The Coronavirus Aid, Relief, and Economic Security Act (CARES Act), commonly referred to as Phase 3 of the federal government’s response to the coronavirus outbreak, was enacted on March 27, 2020. See Ropes & Gray Alerts on CARES Act, and certain key tax provisions of CARES Act. The CARES Act created opportunities for corporations to receive tax refunds that otherwise may not have been available, and the chart below describes certain procedures by which corporations can request such refunds (subject to the notes below).

NOTE: The IRS recommended on April 8 that taxpayers await further instruction from the IRS before utilizing traditional processes to claim refunds under the CARES Act. Additional information will be posted to in the coming days.

Updated 4/13/20 — The IRS announced temporary procedures to accept FAX transmissions of tentative refund claims (Form 1139), but at this time the IRS has not identified any other corporate forms.

Updated 4/21/20 — The IRS issued guidance setting forth the methods to obtain refunds or credits for a taxpayer that placed “qualified improvement property” into service after Dec 31, 2017. (Rev. Proc. 2020-25)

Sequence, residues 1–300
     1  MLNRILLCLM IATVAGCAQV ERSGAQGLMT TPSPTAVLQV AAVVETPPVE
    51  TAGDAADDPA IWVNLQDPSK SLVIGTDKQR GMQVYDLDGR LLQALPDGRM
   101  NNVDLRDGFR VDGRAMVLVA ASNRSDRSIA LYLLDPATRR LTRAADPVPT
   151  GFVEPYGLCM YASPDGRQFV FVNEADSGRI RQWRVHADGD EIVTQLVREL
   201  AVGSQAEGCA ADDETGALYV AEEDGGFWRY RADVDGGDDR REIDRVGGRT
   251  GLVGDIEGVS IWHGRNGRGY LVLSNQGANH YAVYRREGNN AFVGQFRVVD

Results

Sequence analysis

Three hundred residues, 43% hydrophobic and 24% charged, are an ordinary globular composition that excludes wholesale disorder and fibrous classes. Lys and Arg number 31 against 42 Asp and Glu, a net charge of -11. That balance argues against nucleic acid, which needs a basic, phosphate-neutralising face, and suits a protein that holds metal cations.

How can a corporation get a refund for the 2018 or 2019 tax year (i.e., paid more tax than was due)? Not yet filed federal income tax return:

  • Quick refund (Form 4466)
    • Generally, available to taxpayers who have overpaid estimated taxes in the current year by at least 10% of the expected liability, and at least $500.
    • Generally, due after the end of the corporation’s tax year, and not later than the due date for filing the corporation’s tax return (not including extensions).